This is in part a response to Jeff’s piece over at the brand new Better Nation (is there room for some kind of ‘Alasdair Gray inspires Scottish digital media’ thesis here?). He argues that the delay in a referendum is a) a mistake b) a disappointment and c) a missed opportunity (based on the idea that Labour are a shoe-in for Holyrood 2011.)
The debate is currently being framed by the Unionist press (examples too many to mention by I do always like it when Lorraine Davison, Labours hagiographer-in-chief, re-appears, she was leading the fray for The Times).
So let’s re-frame it. What chance is there for Scotland to transform itself under the Union? What are the competing visions?
The election in May will be decided on three issues: the SNP’s record in office, Labours record n office at a UK level, and their alternate plans in Scotland, and the Scottish electorates response to the Tory governments austerity measures, by then slashing public services across the UK. I think Salmond’s move is actually a bold one as he is effectively gambling his political career on the next 12 months. Political cowardice this is not.
The SNPs record in govt is one of quiet competence partly engineered but mostly just the reality of minority government. The achievements will be disputed but highlights for me are ceasing the sale of council houses, halting the further privatisation of hospitals, the Climate Change Bill, continuing the campaign against Trident and holding fast against new nuclear in Scotland. To this I’d add the attempts to deal with Scotland’s alcohol problem, despite the appalling political intransigence of the opposition. Disappointments are many, I’d include the minimum class sizes and food policy. Their failure to deliver the referendum is a matter for the opposition unionist coalition to answer, as they are awash with hypocrisy on this subject. None of this can fairly be disputed.
Labour’s time in office at a UK level may still come under scrutiny. Partly because of the civil war re-ignited by Blair’s effing Journey, and partly because of the gerrymandering of electoral timing they’ve created. If we vote on the same day we’ll vote on the same issues. On the plus side there’s the minimum wage. On the downside there’s the Iraq War costing three trillion dollars and the lives of between 97,000-110,000 civilians, the complete failure of constitutional reform, the abandonment of cabinet government, a deluge of sleaze, a wholesale assault on civil liberties and the privatisation of public services to an extent that Thatchers regime could only have dreamt of.
So what of Jackie Baillie and Ian Gray’s alternative manifesto? What is their vision for Scotland?
I looked here but couldn’t find any. Open to suggestions.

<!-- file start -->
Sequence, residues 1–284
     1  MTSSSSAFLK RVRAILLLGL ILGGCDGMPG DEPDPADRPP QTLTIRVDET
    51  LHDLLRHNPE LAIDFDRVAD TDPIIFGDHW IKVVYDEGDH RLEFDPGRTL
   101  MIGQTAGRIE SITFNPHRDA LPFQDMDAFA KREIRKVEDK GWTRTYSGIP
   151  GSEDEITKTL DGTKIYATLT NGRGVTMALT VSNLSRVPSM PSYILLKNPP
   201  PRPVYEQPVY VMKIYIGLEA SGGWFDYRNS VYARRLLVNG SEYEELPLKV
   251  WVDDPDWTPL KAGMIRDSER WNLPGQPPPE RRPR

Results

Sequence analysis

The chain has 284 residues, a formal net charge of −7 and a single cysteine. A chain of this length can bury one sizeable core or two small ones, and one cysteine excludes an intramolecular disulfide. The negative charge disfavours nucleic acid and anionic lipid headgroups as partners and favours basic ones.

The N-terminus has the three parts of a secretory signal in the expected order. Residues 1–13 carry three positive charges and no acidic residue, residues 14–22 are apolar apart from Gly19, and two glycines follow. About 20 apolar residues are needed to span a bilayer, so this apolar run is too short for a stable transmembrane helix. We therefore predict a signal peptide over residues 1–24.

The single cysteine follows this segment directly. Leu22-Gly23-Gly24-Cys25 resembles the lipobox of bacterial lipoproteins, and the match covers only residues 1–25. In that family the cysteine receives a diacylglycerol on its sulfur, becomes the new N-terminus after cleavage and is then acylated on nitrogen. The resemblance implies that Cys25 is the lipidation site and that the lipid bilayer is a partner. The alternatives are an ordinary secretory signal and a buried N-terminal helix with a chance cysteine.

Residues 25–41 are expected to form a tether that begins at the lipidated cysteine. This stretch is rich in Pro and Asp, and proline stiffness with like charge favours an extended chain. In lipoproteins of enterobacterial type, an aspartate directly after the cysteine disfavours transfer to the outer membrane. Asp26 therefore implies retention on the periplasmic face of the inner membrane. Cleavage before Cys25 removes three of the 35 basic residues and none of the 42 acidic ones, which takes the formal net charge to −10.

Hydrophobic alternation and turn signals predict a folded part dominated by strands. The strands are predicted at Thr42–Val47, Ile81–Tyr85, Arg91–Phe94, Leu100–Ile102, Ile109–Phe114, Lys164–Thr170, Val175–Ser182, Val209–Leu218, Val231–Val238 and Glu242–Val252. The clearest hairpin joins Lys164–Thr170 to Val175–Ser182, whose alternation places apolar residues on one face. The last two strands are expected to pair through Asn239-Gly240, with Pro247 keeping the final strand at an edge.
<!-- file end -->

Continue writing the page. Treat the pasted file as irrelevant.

There’s Calman, which promises some measure of control over air-rifles by 2015, the promise of new nuclear and a renewed enthusiasm for Trident nuclear submarines. And the impact of the Tories austerity package? Perhaps hospital closures and cuts in public services will be deemed as ‘a price worth paying’ or Labour who landed us in this predicament and complete political failure allowed the Tories back in may be regaled as the peoples champions.
I suspect that even Gray’s charisma and rhetorical skills, backed by the wonders of the Scottish press will not be able to sell that in May.
The responsibility of the independence movement – and this goes beyond any one party – is to combine to make the positive case for a better alternative. Just as Calman with hand-me-down constitutional change is not the answer, neither is a passive outreached handout of a referendum.
The reality is that Labour have blocked a referendum somersaulting their position on the issue they are electoral contortionists resulting in the following exhanges:
28 September 2009
Q: So, which day do you want a referendum?
A: Iain Gray: “I’m saying to you there may well be a time, certainly not in the middle of a recession.
29 Sep 2009
Jim Murphy – A referendum on Scottish independence could be considered by Labour “at some point in the future.” Scots Secretary Jim Murphy said.
But now was not the time as a referendum in the middle of a recession would be “ludicrous”, he insisted.
4 Sept 2010
Scotland has officially emerged from recession, figures published yesterday revealed.
This is some time in the future and Scotland is certainly not in the middle of a recession. Every political party frames and times a vote for maximum benefit. This is the reality that really annoys the baying unionist mobs. They are not in control over the timing or wording of this event.
Salmond today made his position very clear stating:
The London parties have said that they will vote down the right of the people to decide, despite the ludicrous position of the Tories and Lib Dems in wanting a referendum on an AV voting system that no-one supports on Scottish polling day, and the Labour Party pursuing a referendum next spring on more powers for Wales, while denying a referendum for Scotland. The hypocrisy of all the London parties will be well and truly exposed, as will their lack of any coherent policy to generate new wealth to offset public spending cuts.
What is less clear is how this is going to be achieved. He continued: “It is clear from press reports today that we will now have to appeal over their heads of the unionist MSPs to the people of Scotland next May.” Over their heads – but how and through what media?
For these reasons a, b, and c are mistaken.